HURRICANES DESTROY CROPS, LEAVE PEOPLE JITTERY
HAVANA, Sep 26, 2008, 2008 (IPS/GIN via COMTEX) -- In Cuba the
shockwaves left by hurricanes Gustav and Ike will prevent any peace of
mind for people not only in the most affected areas but in the whole
country for a long time to come.
They are asking themselves if the worst is really over yet.
"The hurricane season lasts through November. If another one strikes,
what will become of us?" asked Georgina Fernndez anxiously. She lives in
Havana but has relatives in Pinar del Rio, one of the provinces hit
hardest by Gustav and then Ike, between Aug. 30 and Sept. 9.
Fernndez's fears are not without foundation. During the Atlantic cyclone
activity season, which began in June, the most dangerous months for Cuba
in terms of storm frequency tend to be October, September and August, in
In the central province of Santa Clara, small farmer Ruben Torres lost
his plantain and cassava harvest, as well as his avocado trees. "I'm
thankful to have saved the rice I planted," he said, after estimating
that Ike's direct path was within about 62 miles from his farm, out to sea.
"I think the situation is serious, because if the hurricane caused us
damage from that distance, imagine what it must be like in the provinces
where it made landfall," Torres said in a telephone interview with IPS.
According to his calculations, however quickly farmers plant now to
recoup their losses, their produce will not be available until well into
the first half of 2009.
Meanwhile, vegetables are becoming scarce, and consumers complain on a
daily basis about price increases, especially in the farmers' markets
where prices are set by supply and demand.
Cuba was still assessing the cost of the damages Gustav caused in the
west of the island on Aug. 30, when Ike entered the east of the country
on the night of Sep. 7, swept over the island and out to sea, where it
picked up strength before returning to the island the following day,
sweeping across virtually the whole country on Sep. 8 and 9.
An official report gave a preliminary estimate of $5 billion for the
losses caused by Ike and Gustav. Seven people were killed, dozens were
injured, thousands of acres of crops were ravaged, nearly half a million
homes were partially or totally destroyed, and essential infrastructure
was seriously damaged.
The impact of the hurricanes exacerbated the economic and financial
problems in the country, which urgently needs to increase food
production and reduce imports. The government had already warned that
owing to high prices on the international market, the cost of ensuring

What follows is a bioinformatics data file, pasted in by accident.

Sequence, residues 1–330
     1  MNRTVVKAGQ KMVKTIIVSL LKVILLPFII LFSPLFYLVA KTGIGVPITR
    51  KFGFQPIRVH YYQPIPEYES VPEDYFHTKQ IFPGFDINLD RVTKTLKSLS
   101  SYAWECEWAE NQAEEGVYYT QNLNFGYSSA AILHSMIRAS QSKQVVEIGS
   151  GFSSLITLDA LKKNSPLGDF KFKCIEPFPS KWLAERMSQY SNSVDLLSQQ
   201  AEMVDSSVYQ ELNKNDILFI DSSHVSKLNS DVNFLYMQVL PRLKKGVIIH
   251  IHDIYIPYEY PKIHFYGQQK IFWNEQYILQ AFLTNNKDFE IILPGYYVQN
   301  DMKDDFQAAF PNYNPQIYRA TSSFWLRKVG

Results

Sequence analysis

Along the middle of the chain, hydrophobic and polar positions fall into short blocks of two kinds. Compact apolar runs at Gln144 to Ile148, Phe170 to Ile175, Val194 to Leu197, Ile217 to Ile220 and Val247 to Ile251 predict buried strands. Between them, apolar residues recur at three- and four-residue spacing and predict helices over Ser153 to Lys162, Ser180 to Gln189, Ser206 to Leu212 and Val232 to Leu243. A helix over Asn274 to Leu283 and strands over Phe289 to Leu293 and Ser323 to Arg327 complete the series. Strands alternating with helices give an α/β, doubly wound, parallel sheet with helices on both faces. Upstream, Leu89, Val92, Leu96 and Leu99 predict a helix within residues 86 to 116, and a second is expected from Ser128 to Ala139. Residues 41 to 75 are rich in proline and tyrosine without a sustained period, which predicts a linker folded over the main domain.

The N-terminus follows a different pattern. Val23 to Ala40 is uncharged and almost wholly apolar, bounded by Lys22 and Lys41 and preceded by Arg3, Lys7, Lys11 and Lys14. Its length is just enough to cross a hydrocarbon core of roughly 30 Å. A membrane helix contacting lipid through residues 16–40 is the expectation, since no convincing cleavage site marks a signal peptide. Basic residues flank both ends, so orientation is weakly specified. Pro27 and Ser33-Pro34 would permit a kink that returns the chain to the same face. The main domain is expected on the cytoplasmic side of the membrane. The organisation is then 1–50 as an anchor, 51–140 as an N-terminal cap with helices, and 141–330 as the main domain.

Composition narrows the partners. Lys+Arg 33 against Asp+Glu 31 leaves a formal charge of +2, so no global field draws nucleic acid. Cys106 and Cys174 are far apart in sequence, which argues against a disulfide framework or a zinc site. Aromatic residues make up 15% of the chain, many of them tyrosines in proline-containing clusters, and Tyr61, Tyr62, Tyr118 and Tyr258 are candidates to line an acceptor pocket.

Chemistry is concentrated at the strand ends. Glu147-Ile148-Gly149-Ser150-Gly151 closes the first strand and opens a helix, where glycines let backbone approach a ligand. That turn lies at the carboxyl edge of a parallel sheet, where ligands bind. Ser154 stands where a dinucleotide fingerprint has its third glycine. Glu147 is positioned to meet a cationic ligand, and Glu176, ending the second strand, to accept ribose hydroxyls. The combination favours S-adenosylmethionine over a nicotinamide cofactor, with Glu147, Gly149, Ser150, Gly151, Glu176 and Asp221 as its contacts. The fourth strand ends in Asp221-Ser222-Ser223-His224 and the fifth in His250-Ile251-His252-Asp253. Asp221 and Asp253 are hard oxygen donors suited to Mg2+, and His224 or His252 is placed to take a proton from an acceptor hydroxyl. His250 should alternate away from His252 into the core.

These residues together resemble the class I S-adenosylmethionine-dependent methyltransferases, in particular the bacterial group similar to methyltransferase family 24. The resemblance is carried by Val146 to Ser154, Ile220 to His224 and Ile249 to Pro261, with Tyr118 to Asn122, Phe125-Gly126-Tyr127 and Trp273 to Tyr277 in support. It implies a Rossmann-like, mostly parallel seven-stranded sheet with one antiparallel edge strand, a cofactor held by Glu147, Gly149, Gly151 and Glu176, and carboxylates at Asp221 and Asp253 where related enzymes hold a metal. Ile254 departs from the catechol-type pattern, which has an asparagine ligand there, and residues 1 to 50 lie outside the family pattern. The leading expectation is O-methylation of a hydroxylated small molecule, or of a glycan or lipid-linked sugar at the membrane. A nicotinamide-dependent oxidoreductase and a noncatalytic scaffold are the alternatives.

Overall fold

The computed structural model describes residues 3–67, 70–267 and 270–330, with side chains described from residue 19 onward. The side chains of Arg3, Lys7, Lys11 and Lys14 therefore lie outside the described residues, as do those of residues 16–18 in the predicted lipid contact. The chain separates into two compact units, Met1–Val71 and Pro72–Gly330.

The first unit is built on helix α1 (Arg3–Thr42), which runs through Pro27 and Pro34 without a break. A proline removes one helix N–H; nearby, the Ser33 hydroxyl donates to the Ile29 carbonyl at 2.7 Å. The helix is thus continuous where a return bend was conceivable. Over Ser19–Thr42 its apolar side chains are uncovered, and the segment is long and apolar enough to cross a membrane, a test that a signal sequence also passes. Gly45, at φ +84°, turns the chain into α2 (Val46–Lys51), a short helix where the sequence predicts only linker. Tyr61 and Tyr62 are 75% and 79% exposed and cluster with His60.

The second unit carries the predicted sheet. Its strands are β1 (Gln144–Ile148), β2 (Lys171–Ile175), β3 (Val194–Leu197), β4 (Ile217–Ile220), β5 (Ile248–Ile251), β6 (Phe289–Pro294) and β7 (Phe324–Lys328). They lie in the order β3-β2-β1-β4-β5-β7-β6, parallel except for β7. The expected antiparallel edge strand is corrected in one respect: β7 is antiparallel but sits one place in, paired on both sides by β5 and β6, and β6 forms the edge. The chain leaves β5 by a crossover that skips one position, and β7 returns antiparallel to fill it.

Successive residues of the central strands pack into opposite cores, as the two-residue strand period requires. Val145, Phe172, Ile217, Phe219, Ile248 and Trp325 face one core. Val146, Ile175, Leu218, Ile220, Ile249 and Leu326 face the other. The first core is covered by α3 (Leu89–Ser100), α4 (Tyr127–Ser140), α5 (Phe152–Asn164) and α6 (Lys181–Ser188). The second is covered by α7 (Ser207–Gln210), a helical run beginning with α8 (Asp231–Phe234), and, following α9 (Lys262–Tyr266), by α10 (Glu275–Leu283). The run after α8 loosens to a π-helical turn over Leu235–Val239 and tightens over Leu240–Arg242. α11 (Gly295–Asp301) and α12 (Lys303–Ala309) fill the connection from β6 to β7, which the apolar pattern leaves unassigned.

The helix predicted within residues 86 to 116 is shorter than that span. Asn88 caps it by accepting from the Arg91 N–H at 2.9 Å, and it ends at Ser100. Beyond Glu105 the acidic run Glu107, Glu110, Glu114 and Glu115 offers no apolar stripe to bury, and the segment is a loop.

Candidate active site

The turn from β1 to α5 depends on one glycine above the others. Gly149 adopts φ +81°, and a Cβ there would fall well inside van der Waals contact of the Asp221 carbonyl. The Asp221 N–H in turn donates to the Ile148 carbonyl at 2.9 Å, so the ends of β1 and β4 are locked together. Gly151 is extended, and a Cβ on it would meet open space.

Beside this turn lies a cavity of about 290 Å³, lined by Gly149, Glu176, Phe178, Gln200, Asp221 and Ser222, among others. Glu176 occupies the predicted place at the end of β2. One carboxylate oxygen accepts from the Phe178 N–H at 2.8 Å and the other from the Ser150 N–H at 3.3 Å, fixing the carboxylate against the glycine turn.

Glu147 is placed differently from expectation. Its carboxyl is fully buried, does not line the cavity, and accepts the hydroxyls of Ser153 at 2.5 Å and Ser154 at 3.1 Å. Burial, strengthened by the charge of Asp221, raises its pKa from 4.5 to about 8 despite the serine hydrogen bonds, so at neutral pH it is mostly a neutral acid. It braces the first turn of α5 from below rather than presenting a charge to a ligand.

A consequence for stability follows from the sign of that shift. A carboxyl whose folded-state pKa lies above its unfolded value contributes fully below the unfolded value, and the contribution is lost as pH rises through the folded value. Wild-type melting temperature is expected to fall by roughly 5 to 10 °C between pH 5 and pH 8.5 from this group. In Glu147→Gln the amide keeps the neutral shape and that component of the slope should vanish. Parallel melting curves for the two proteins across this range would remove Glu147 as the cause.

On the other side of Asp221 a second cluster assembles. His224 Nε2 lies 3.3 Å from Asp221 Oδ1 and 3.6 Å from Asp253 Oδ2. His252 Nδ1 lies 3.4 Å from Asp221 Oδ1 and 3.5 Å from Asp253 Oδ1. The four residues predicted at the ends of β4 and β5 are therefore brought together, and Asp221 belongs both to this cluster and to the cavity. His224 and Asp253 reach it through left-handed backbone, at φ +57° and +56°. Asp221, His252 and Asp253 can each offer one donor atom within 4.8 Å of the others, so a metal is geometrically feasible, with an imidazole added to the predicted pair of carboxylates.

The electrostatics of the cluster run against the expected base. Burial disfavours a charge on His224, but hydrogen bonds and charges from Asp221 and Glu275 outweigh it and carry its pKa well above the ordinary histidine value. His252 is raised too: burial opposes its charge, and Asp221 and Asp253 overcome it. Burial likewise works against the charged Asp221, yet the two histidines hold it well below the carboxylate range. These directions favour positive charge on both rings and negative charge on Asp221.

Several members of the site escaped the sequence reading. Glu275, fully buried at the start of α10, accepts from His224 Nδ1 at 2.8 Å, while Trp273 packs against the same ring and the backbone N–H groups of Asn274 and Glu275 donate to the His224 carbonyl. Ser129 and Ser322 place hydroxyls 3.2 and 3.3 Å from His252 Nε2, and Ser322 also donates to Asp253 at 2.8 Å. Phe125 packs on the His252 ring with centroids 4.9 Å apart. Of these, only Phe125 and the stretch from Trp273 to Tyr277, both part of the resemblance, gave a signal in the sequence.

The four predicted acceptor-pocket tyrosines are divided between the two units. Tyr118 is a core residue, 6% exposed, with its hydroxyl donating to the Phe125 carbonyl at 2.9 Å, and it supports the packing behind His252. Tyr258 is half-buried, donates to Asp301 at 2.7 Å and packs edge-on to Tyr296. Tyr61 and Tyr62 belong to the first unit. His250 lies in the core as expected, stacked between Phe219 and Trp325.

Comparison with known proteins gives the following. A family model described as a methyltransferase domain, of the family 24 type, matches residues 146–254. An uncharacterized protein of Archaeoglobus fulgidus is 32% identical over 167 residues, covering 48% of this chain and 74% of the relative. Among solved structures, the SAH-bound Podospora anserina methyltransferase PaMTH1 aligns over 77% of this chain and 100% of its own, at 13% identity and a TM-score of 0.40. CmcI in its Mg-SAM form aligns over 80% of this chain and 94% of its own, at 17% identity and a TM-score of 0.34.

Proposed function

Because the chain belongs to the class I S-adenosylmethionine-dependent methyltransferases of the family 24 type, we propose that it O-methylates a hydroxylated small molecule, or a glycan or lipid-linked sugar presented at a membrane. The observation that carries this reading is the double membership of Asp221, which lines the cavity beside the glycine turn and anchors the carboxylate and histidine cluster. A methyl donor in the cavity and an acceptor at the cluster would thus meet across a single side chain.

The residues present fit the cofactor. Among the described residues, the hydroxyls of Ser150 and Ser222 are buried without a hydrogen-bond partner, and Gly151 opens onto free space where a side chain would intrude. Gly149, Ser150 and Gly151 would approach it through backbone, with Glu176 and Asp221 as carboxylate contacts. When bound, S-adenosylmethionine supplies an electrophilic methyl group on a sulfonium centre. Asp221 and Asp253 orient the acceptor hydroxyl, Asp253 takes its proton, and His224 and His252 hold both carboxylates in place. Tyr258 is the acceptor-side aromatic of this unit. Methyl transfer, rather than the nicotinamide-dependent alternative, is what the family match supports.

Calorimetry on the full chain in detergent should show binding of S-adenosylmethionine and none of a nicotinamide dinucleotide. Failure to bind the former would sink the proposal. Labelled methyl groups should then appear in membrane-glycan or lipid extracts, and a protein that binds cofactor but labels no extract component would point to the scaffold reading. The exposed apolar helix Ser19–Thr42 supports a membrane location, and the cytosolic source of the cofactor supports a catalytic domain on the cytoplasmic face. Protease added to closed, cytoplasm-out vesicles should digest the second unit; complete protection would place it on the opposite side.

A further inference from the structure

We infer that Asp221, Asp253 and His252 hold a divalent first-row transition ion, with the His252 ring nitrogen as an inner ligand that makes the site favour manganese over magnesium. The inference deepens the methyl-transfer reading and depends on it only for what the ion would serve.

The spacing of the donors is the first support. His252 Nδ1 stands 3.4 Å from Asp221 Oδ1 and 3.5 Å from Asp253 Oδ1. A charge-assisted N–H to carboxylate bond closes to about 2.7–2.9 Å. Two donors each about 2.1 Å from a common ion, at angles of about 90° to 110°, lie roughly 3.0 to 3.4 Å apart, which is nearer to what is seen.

the basic food basket and fuels would be considerably higher in 2008.
According to official statistics released in June, Cuba spent $1.47
billion on 3.4 million tons of food in 2007. At present prices, the cost
would be $2.47 billion. At the same time, the island's consumption of
158,000 barrels of oil per day now costs $11.6 million a day, 32 percent
more than in 2007.
Economists agree that the cost increases of imported goods exert upward
pressure on prices in Cuba. Early evidence for this was the more than 50
percent rise, on average, of the cost of gasoline and other fuels at the
state network of service stations from Sept. 1.
"It is possible to predict a significant knock-on effect of the price of
petrol on prices in the agricultural and livestock markets, because of
the role played by fuel in transport and agricultural production costs,"
Cuban economist Pavel Vidal wrote in an article on the subject.
He warned, however, that "the worst" option, which would create the
greatest distortions, would be to introduce price controls at the farm
produce markets. This idea was posited as a possible emergency solution
by Ariel Terrero, a commentator on economic topics on state television.
In Vidal's view, such a step would "fuel the black market, distort
prices and restrict the signals and incentives that prices exert on
producers, which are necessary for the adjustment and recovery of food
Above and beyond academic debates, the government has accelerated the
process of receiving applications from private farmers and cooperatives
interested in being granted the use of idle or poorly exploited state
land to grow crops or produce livestock.
In the first three days alone, more than 16,000 applications for a total
of over 494,000 acres were received, Terrero said Tuesday.
The decision to grant new plots of land to farmers is one of the changes
promised by Cuban President RaGBPl Castro in order to boost yields and
increase food production.
But academic researchers consider that it is also necessary to "release
productive forces" by establishing clear rules, expanding the market in
order to bolster production and work, eliminating excessive
centralization and revoking financial and productive restrictions on
companies, among other measures.
Meanwhile, the Agriculture and Sugar Ministries have made public a set
of 85 measures to organize the recovery process, including prioritizing
available resources for areas that ensure increased production as soon
as possible, and the institution of payment systems that will accelerate
the island's recovery.